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History of Chechen rebels' hostage taking



Ogonek photo




: Gazeta.Ru  Ogonek photo

The storming of a Moscow theatre by Chechen gunmen, the holding of up to 700 hostages and demands that Russia ends the war in Chechnya, is seen as the most audacious attack yet by the separatists from the rebellious Caucasian republic. Throughout the last few years there have been several similar terrorist acts carried out by the rebels.


June 14, 1995 - An armed group headed by influential rebel leader and notorious warlord Shamil Basayev seized a hospital in the southern Russian town of Budyonnovsk. The rebels demanded that the federal authorities suspend hostilities in Chechnya and launch peace talks with the separatist government of Dzhokhar Dudayev.

The then-Prime Minister of Russia Viktor Chernomyrdin entered into phone negotiations with the terrorists. After fierce fighting and further negotiations Basayevs gunmen left Budyonnovsk taking a group of hostages who were released after the rebels reached the Chechen border. In the course of the 6-day hostage drama 129 peaceful residents were killed and 415 were wounded (18 of them later died of their wounds). 54 municipal buildings and 110 private houses were either fully or partially destroyed in the fighting. 15 members of Basayevs gang have subsequently been sentenced to lengthy prison terms.

January 9, 1996 - A group of Chechen gunmen under Salman Raduyevs command seized a hospital in the Dagestani town of Kizlyar. According to some sources, Raduyevs gang had up to 300 fighters. Boris Yeltsin took personal control of the situation. Raduyev and his unit took 2000 people hostage. Most of the hostages, however, were released a day later following negotiations. In exchange for the civilians Raduyev received 8 State Duma deputies as guarantors of their safety.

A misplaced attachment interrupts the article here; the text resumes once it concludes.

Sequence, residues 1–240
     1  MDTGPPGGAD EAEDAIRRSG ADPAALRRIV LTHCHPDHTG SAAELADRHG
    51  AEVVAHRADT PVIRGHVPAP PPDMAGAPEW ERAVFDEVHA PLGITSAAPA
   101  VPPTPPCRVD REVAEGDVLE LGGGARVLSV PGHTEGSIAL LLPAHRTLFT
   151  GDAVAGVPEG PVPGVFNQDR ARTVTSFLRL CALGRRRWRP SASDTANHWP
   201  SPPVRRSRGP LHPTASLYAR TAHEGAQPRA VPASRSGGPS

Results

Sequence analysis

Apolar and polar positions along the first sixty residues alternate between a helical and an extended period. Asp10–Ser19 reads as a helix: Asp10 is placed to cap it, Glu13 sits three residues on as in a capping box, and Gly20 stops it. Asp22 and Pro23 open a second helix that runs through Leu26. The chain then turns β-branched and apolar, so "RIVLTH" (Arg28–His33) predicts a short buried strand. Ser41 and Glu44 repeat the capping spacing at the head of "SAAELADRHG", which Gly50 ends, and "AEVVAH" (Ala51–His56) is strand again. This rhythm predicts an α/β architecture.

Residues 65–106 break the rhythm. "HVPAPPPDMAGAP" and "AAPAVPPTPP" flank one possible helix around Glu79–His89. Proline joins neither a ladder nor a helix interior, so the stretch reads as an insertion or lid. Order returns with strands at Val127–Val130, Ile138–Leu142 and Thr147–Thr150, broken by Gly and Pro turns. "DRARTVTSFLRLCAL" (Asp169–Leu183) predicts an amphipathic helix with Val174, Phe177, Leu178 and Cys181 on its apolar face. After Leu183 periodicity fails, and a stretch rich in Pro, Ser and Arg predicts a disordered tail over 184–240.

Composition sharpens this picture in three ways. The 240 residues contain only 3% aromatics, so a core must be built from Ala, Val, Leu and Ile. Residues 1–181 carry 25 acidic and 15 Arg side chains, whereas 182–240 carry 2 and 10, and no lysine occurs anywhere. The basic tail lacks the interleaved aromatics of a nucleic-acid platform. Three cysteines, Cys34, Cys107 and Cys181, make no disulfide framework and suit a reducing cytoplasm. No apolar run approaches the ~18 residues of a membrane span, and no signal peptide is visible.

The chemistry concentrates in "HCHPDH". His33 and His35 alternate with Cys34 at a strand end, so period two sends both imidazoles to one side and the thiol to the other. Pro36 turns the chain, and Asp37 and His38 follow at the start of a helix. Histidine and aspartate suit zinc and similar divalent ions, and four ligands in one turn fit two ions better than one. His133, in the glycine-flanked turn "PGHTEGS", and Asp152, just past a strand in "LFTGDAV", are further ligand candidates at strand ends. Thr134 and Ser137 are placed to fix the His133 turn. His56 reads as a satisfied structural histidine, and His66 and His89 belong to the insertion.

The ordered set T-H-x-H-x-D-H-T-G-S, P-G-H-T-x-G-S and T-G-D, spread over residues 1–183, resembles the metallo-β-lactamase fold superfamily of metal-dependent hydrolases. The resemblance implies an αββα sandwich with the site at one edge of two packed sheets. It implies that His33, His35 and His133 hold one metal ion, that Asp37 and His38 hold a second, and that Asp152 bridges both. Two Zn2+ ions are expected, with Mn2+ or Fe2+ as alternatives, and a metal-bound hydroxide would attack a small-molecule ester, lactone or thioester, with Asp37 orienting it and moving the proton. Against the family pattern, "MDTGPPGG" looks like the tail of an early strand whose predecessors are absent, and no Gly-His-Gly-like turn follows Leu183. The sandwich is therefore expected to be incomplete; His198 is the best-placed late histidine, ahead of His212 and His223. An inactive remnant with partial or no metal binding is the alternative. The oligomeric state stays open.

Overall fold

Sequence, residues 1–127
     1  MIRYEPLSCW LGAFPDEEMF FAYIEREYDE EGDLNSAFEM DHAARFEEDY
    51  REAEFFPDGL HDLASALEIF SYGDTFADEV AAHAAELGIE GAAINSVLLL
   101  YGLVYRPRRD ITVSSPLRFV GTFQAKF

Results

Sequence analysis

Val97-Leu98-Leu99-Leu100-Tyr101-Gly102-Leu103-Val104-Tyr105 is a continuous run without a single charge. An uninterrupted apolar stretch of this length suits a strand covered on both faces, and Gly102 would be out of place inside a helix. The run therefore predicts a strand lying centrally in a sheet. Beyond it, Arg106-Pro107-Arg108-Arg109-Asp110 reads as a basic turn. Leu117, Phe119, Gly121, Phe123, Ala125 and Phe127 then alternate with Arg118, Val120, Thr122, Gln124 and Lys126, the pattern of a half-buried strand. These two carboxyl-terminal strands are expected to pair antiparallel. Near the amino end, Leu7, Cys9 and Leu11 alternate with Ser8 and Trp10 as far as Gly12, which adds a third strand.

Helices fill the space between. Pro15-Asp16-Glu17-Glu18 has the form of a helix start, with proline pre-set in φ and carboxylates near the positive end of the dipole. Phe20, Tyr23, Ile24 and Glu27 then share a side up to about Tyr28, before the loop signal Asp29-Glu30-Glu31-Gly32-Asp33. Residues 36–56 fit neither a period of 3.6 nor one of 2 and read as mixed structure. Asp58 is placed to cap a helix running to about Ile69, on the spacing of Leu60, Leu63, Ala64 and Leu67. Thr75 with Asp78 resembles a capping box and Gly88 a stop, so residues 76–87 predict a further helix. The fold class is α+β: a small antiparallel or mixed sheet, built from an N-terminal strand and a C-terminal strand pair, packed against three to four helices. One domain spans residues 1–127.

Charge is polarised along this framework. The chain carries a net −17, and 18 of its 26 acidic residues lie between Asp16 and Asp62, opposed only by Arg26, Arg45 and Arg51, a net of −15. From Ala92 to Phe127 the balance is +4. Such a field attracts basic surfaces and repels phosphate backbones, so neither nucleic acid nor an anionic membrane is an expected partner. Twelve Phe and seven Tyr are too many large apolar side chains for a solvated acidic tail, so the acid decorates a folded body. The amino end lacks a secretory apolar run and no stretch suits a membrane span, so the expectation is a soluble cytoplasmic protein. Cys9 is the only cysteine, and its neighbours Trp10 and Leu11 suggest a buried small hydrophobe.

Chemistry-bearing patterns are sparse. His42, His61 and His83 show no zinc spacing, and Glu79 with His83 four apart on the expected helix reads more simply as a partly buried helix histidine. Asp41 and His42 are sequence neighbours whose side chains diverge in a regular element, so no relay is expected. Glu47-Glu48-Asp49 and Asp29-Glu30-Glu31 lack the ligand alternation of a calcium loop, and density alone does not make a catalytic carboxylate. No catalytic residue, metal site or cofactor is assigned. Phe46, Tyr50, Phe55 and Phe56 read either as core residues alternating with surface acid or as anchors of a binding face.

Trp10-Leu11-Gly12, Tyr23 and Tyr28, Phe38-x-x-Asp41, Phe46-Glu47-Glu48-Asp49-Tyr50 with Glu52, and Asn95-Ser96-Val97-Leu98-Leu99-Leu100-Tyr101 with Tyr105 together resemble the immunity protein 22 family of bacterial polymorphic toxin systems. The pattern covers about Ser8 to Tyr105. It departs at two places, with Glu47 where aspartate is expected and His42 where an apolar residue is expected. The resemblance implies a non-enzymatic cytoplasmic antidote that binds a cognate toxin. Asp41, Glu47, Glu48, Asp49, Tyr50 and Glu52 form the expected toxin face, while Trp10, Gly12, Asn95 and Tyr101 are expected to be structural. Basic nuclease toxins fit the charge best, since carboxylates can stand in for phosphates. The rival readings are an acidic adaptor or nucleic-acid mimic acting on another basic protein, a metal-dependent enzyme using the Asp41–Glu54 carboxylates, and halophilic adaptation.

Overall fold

The hostage drama lasted for nearly ten days. Throughout that time Radyuevs men held some 160 people hostage. The rebels used many of them as a human shield on their way to Chechnya. It was agreed that the bandits would free the hostages at the village of Pervomaiskoye en route to Chechnya. When the rebels failed to observe the agreement, the federal forces attacked the rebels convoy. Raduyev and his men then occupied a checkpoint in Pervomaiskoye. After fierce fighting Salman Raduyev fled. Earlier this year Raduyev was sentenced to life in prison on terrorism charges.

January 16, 1996 - A group of Chechen and pro-Chechen Turkish gunmen, headed by well-known Turkish extremist Mohamed Tokdzhan, hijacked the Russian ferry Avrasiya in the port of Trabzon on the Turkish Black Sea coast. The hostage-takers demanded an end to the war in Chechnya. Some 150 passengers, mostly Russians, were held hostage for three days. After talks with local authorities they were released unharmed and the terrorists surrendered.

December 22, 1997 - Rebels attacked the military base of the Russian Armed Forces tank regiment in the Dagestani town in Buinaksk. The number of assailants, including ethnic Chechens, Dagestanis and foreign nationals, amounted to 40. In order to escape from the site of attack safely, the terrorists hijacked a bus and took 20 passengers hostage.

15 March 2001 - Three Chechen terrorists hijacked a Tu-154 jet. The airliner was forced to fly from Istanbul, Turkey to Saudi Arabia. The Tu-154 landed in Jeddah, where Saudi security forces stormed the plane. 1 terrorist, a passenger from Turkey and a Russian stewardess were killed in the shootout.

July 31, 2001 - Thirty people were held near Mineralnye Vody by gunmen calling for Chechen independence. All the hostages were freed after security forces launched a successful rescue operation in which one of the hijackers was killed.

May 4, 2002 - An armed man, claiming to be a defender of the Chechen people, took 13 people hostage in a luxury hotel in central Istanbul, before giving himself up to police with no bloodshed an hour and a half later.

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